The shepherd dogs welcomed us again with wagging tails as they had become familiar with us and were happy to get some treats. We were followed by friendly sheep that would try to nibble from our hands any handouts that we would dig out of our sacks. Again sleep took over after tea and we had a hearty dinner served by the herders beside a roaring bonfire.
Day 9 to Day 12
The Ninth day was a retreat from the beautiful herding grounds where a leopard had come the night before to drag two sheep to higher grounds to enjoy its meal at leisure. It was a funny feeling that such a big animal roamed this area without harming any humans as we learned from the simple herders. Being surrounded by the ramparts of the Kuchela peak and viewing the Nandakhat wall was incredible.
It was difficult to tear ourselves away from the beautiful surrounding area. We trudged along the left of the valley till we came down to an ice bridge below which formed a natural crossing over the torrent and crossed over to the right which was the path to the camping grounds of Patta. The team proceeded swiftly as a great meal of dried lamb's meat was prepared as supper in Martoli. Other trekkers should not attempt such a long march of 23 km (Naspanpati to Martoli) as fatigue can set in. However, so many days of walking had made the team strong and even fit which made such a journey possible. After the bouldering on the river bed, came the mud wall crossings which seemed so easy now after so many days of practice. Patta lay in a clearing with its available water that marked a good camp site. Soon we had to climb higher towards the welcoming bushes of purple rhododendron which the team had learned to identify as Ratpa. After that stretch was the deserted village of Lwanl which was a welcome sign for the tired band as one now knew that the village of Martoli lay not too far away. By late evening a great welcome by the inhabitants of Martoli, Munnna from Munna lodge and Mr. Martolia of the telephone service, lay awaiting us with a sumptuous meal and offerings of a clear drink they brew from molasses called Rakshi. The next day was spent resting in the village waiting for the rest of the supplies to arrive by the porters dispatched to pick up the tents and kitchen equipment. The very next day we were off to Rilkot, where for the first time we properly inspected the ruins of the abandoned old village built high up on the hillside. The team got down to the village below the ITBP prefabs which were there to help our jawans guard this col barren outpost. Eating a meal in the restaurant was a luxury as the rest scampered about the hillside photographing the horses that lazed around after munching on the grass and flowers that covered the area there. Soon it was time to head down to Boghdwar via the tea house below Lhaspa village and then tortuous bends which were more difficult due to the rains. The team reached Boghdwar in the evening.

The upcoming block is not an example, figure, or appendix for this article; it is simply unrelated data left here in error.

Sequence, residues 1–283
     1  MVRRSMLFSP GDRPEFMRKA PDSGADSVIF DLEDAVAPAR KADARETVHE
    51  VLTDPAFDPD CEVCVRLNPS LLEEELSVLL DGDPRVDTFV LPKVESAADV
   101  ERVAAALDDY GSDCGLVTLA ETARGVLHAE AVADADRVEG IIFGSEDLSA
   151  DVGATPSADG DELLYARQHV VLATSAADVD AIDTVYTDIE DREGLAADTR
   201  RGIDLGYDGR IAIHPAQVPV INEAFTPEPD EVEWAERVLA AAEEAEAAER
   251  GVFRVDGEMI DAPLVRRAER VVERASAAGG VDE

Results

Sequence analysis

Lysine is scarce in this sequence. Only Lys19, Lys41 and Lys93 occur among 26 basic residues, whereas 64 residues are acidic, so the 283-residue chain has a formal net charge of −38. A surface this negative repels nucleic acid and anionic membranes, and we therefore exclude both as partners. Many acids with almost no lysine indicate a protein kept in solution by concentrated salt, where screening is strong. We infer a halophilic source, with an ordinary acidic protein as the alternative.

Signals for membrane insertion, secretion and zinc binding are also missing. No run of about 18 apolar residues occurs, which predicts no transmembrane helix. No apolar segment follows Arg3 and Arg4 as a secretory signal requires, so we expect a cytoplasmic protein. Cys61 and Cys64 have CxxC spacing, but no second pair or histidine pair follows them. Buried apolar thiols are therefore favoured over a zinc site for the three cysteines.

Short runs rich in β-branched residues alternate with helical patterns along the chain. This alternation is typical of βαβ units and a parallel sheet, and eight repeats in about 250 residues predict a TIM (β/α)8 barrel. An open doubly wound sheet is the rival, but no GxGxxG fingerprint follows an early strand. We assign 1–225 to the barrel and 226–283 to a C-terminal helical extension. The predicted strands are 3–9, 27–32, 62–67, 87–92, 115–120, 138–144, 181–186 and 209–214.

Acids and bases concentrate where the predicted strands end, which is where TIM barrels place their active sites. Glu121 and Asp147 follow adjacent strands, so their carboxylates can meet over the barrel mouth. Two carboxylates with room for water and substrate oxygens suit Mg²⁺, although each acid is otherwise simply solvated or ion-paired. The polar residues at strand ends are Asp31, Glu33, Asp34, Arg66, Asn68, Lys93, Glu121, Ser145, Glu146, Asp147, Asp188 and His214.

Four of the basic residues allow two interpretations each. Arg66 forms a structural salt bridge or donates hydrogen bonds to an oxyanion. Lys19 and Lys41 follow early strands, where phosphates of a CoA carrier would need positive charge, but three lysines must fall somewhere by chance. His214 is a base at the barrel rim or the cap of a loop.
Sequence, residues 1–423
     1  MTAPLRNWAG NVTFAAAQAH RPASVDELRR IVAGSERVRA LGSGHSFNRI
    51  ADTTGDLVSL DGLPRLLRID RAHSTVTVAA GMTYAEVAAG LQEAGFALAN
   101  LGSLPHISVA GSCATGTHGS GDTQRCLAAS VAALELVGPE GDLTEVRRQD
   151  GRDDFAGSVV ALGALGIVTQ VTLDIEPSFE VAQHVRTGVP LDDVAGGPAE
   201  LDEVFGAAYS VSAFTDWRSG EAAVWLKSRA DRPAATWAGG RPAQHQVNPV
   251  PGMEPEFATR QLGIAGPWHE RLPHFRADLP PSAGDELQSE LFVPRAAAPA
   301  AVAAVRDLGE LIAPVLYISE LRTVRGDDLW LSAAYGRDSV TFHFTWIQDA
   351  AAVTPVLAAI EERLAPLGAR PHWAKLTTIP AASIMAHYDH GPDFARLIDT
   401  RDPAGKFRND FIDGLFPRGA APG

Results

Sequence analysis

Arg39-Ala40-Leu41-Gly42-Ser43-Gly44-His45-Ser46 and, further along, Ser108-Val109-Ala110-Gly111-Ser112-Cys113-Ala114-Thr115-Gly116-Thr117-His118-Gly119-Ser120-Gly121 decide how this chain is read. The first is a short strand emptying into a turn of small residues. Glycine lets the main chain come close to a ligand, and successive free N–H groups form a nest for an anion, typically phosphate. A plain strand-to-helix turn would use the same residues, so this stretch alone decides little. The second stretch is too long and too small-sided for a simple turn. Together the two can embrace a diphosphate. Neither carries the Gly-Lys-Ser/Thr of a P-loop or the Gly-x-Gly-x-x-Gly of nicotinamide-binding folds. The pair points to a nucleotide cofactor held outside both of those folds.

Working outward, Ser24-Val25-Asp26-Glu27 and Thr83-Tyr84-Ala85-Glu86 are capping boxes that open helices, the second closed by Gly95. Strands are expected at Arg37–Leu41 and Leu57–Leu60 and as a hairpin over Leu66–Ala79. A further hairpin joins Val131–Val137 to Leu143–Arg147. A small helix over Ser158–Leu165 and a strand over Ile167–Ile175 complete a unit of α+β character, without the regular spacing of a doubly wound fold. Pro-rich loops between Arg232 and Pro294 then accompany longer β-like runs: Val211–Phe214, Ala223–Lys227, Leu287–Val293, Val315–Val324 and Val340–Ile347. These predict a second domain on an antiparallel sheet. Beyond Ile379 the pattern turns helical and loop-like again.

Trail from Martoli to Rilkot
The next day was another long stretch as Lilam was not to be taken as a place of rest but the penultimate journey to Munsiyari. The route was reached via the stiff climb up from Jimighat. This climb had become so much easier up to Dhapa due to the travails of the past, which made the team member's knees and calf muscles strong beyond belief. The Sumos and Temp Traxx vehicles were waiting for us by 4 p.m. The whole team reached Pandey lodge where hot showers lay waiting with a meal of mutton and rice in the shack adjoining the bus stand. Despite being a grubby-looking place we knew the lady who ran the place to be a very good cook who ran a clean establishment despite the looks of the tin-roofed shack.
How To Get Fit For The Trek